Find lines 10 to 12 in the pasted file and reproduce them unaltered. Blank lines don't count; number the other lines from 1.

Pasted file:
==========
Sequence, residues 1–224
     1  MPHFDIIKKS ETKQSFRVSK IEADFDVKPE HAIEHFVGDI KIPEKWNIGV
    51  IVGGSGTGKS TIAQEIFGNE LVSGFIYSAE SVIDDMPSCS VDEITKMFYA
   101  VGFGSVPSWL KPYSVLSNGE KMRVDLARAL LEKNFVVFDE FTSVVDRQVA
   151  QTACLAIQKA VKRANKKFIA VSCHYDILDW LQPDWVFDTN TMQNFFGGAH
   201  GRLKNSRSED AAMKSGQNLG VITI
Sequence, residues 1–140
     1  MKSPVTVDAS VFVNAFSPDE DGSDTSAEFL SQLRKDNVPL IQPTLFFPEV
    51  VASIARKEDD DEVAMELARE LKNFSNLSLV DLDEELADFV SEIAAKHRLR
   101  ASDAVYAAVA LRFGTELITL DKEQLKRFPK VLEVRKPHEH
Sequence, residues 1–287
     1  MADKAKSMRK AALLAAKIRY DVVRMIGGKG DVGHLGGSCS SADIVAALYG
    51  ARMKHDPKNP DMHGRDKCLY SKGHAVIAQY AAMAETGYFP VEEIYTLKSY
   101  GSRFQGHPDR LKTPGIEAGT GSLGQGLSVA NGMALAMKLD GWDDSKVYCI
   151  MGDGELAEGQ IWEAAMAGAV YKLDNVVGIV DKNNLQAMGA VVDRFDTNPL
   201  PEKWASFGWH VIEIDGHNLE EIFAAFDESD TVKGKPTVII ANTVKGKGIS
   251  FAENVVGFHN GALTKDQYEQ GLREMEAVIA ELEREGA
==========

   101  ASDAVYAAVA LRFGTELITL DKEQLKRFPK VLEVRKPHEH
Sequence, residues 1–287
     1  MADKAKSMRK AALLAAKIRY DVVRMIGGKG DVGHLGGSCS SADIVAALYG